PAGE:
I’ve always loved those little corners in small bookstores (or even the chains) where the books are prominently placed not because some corporate publisher paid the store a premium, but simply because someone loved the book. Maybe the book was placed as a treasured classic that the person returned to time and time again, or chosen in a moment of temporary infatuation, but in either case, the book was placed there because of a passion for something that had made a difference for someone. I can’t count the number of times I’ve discovered a new title or author because of one of those little end cap statements of personality.
The idea got me thinking what would go on my shelf. I’m not talking about my list of all time favorite books (Tolstoy, Neruda and Saramago might sweep the field there), but the ones that are floating around my consciousness now, sometimes inspiring, sometimes edifying, and even occasionally nagging.
So, that’s the challenge. What books would you recommend, as a statement of what you love and what you’re thinking about?
Richard Yates gets two spots on my list of the moment. Don’t let the mediocre film adaptation of Revolutionary Road fool you; Yates was a brilliant writer. The Easter Parade is just a perfect little novel, one that may have been the most depressing, insightful book I have read in a long time. Yates writes about the despair of mundane lives and ordinary people, tackling the lies that sustain, even as they destroy us. Eleven Kind of Loneliness explores similar themes, with a series of tightly drawn stories about often thoroughly unlikeable people whose secret hearts may not differ greatly from our own. “ A Really Good Jazz Piano” and “The B.A.R. Man” are real standouts in the collection.
In my seventh year of teaching it, just when I felt a bit tired of reading the same novel, I came across this highlighted, underlined in three colors, marked with stars section of Ralph Ellison’s Invisible Man, and I remembered why I love it so much:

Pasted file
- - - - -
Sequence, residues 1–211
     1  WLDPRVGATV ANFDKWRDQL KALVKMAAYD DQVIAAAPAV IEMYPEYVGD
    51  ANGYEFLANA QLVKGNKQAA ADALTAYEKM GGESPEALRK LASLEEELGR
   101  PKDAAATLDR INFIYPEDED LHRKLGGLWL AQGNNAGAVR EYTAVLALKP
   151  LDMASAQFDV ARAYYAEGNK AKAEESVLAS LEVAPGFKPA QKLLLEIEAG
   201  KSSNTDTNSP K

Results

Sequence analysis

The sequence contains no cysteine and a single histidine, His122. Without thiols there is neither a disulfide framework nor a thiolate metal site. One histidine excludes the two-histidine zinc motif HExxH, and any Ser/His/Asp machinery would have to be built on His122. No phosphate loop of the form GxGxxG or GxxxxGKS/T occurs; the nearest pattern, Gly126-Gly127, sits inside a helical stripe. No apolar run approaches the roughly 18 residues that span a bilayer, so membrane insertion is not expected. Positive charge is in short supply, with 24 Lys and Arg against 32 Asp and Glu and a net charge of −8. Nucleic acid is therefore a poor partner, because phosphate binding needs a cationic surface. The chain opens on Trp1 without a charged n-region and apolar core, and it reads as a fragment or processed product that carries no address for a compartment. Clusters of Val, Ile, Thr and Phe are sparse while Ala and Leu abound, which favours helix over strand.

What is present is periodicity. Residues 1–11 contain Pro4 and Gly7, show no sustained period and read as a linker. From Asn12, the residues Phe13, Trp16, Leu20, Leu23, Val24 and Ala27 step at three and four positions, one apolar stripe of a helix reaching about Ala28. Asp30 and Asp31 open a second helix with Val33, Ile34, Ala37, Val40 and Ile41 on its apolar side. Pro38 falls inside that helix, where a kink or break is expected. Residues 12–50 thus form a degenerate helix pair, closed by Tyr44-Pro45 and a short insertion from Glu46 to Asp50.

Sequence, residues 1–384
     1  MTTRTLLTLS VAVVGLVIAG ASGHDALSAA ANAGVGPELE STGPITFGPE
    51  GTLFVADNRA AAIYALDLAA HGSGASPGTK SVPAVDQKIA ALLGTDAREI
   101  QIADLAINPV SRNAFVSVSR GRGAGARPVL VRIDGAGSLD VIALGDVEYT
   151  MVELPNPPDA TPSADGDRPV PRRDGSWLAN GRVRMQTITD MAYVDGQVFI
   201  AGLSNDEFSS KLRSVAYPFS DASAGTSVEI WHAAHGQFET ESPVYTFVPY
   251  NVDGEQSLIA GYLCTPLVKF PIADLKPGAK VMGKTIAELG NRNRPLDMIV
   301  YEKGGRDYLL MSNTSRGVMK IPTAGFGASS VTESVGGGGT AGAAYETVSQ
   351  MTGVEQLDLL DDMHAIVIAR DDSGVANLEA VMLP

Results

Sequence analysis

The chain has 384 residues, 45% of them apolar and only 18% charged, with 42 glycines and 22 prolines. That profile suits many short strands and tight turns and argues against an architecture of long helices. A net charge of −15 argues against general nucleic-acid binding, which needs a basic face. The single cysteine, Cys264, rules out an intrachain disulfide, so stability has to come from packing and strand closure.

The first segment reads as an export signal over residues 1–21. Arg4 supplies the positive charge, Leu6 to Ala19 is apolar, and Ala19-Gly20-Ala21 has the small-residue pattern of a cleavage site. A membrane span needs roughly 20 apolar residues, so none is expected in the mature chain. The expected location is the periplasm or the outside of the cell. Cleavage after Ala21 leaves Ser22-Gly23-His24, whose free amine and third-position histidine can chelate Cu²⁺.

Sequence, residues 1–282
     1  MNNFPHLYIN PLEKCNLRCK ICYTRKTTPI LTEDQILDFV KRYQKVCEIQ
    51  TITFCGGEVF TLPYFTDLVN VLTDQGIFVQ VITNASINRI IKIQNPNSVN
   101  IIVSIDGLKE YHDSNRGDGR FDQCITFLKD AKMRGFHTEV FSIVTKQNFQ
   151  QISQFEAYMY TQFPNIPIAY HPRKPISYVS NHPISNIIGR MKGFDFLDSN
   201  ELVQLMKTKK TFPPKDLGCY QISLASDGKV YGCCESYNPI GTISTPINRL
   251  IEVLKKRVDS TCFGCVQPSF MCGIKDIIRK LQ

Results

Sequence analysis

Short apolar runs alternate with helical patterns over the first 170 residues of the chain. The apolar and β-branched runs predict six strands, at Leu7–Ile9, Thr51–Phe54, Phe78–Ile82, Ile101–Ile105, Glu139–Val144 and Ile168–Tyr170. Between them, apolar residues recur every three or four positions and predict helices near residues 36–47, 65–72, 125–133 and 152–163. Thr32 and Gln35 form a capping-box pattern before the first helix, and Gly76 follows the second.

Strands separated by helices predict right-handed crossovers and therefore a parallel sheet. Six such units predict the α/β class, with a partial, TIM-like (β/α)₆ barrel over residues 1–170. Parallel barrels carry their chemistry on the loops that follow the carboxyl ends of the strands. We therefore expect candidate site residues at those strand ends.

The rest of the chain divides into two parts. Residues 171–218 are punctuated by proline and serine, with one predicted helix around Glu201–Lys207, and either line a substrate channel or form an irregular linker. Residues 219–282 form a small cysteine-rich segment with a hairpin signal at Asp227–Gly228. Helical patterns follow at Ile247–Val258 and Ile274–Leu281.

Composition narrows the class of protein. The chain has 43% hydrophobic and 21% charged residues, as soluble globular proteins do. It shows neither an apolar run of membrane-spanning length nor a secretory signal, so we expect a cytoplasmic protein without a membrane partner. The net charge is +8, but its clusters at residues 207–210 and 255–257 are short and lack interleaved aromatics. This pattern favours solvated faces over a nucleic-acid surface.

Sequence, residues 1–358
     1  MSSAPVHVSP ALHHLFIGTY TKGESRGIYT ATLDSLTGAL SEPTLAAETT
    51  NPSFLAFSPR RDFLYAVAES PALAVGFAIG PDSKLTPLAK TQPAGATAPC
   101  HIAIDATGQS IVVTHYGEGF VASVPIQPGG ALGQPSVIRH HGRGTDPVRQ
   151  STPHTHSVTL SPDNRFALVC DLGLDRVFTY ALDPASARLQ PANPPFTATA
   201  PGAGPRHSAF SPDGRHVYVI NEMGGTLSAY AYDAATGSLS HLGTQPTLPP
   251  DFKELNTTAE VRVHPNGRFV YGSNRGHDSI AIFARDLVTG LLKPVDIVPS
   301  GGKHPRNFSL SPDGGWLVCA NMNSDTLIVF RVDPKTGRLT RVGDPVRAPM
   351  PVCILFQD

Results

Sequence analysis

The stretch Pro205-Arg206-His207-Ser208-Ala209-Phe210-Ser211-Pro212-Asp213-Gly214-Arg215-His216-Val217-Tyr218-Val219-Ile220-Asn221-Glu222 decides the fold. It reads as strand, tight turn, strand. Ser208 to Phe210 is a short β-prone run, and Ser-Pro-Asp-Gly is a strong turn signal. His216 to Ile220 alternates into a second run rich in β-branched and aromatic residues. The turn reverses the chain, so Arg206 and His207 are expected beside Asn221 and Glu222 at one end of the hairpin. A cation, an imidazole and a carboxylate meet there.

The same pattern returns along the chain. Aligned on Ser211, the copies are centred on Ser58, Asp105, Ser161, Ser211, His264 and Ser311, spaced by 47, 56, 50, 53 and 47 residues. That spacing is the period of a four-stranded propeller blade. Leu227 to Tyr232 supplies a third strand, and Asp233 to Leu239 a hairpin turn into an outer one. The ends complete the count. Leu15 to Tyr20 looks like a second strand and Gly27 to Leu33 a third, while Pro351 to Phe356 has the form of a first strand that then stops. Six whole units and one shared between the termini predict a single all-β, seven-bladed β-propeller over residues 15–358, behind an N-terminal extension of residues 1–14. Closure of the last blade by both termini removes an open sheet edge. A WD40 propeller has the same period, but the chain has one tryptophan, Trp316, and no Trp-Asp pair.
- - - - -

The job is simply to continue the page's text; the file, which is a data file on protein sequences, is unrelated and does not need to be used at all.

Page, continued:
But deep down you come to suspect that you’re yourself to blame, and you stand naked and shivering before the millions of eyes who through you and unseeingly. That is the real soul-sickness, the spear in the side, the drag by the neck through the mob-angry town, the Grand Inquisition, the embrace of the Maiden, the rip in the belly with the guts spilling out, the trip to the chamber with the deadly gas that ends in the oven so hygienically clean–only it’s worse because you continue stupidly to live. But live you must, and you can either make passive love to your sickness or burn it out and go to the next conflicting phase.
It’s a classic that everyone should read.
I came to Michael Pollan’s Omnivore’s Dilemma a little late, but just finished this thought-provoking title. Pollan combines philosophy, culinary history, basic science and ethics with a great personal narrative that will force any reader to think about the choices we make when we eat.
Finally, I am just beginning to re-read one of my favorite books of the past ten years, Don DeLillo’s Underworld. The opening prologue about Bobby Thomson’s “Shot Heard ‘Round the World” may be some of the finest writing I have ever experienced, and the novel that follows is maddening, dense, complex, and incredibly beautiful. I may never fully understand DeLillo;s work, but I’m willing to give it another try every four or five years.